Panspermia — the idea that life on Earth was seeded by organisms from outer space — looks more likely as bacteria survive three years in space by bundling together for protection.

The bacterial exposure experiment took place from 2015 to 2018 using the Exposed Facility located on the exterior of Kibo, the Japanese Experimental Module of the International Space Station. Image credit: JAXA/NASA

Panspermia means “seeds everywhere,” and the concept represents the idea that life on Earth may have been seeded by biological lifeforms from outer space. This long-controversial idea recently received some experimental support from a new study out of Japan.

This extremes of life were tested utilizing the International Space Station to examine how microbes might live in the extreme conditions of space.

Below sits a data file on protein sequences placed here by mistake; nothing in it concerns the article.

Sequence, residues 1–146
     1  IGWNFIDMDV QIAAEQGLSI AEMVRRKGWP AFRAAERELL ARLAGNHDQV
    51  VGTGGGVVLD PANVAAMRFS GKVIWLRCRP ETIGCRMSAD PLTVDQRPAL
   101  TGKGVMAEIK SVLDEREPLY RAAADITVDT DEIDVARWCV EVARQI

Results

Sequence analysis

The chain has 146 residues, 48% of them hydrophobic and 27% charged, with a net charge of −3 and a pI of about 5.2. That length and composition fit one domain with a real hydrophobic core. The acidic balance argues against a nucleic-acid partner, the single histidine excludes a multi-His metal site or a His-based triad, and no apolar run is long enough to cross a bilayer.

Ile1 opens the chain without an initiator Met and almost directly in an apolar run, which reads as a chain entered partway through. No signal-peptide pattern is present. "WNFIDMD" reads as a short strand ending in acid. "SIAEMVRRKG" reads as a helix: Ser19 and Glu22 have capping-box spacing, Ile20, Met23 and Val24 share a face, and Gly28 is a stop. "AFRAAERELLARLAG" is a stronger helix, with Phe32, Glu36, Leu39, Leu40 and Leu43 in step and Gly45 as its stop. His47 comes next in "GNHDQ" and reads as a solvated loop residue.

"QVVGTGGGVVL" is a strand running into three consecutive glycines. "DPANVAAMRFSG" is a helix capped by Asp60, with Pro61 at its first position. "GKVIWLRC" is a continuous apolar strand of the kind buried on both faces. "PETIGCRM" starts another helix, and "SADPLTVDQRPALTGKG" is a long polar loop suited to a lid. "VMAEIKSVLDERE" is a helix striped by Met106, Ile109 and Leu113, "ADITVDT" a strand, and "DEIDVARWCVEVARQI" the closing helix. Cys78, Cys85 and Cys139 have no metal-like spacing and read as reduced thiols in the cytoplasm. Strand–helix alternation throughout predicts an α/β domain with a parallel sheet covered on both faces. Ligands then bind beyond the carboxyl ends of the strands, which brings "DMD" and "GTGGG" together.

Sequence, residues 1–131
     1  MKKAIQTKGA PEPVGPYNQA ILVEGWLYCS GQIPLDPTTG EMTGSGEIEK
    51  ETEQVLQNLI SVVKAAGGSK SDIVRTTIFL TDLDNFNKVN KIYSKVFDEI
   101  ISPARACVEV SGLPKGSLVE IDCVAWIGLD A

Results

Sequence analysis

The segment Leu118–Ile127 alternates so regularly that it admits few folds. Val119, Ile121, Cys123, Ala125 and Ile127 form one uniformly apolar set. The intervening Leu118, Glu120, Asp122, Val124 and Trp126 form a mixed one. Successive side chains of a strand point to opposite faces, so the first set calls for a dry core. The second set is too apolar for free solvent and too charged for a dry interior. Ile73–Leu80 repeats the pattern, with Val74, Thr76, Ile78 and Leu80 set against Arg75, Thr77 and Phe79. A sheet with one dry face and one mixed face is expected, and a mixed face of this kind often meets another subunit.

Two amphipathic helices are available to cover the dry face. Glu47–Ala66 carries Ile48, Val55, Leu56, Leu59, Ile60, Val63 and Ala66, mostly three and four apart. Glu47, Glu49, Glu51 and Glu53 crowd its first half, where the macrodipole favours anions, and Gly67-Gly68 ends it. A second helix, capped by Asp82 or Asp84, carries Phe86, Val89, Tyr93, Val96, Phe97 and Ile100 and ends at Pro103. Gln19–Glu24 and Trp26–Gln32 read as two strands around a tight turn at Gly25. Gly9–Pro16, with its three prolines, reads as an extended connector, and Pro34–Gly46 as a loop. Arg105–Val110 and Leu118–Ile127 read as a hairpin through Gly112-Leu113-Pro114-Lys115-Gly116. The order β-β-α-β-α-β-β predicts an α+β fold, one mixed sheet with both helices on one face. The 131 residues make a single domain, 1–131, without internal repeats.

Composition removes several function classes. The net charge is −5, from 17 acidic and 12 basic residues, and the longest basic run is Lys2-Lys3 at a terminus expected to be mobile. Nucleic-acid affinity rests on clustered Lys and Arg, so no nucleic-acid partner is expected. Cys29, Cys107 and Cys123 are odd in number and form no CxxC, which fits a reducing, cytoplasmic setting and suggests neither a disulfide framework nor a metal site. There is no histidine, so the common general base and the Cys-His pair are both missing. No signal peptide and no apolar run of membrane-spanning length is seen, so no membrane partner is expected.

Read more on The Cosmic Companion

Watch our video explaining panspermia and this experiment


First Intermediate-Mass Black Hole Found — Posing a Massive Question

An artist’s impression of the pair of black holes colliding. Image credit: Northwestern University

The first intermediate mass black hole ever seen has been discovered by astronomers, forming from the collision of a pair of smaller black holes. Interestingly, one of these had a mass that should not be allowed by our current understanding of these enigmatic objects.

An international team of astronomers witnessed the birth of the first intermediate-mass black hole ever detected. On May 21, 2019, a pair of gravitational wave observatories — The Laser Interferometry Gravitational-wave Observatory (LIGO) in the United States, and Virgo, a three-kilometer-long detector in Italy — detected an unusual signal, dubbed GW190521.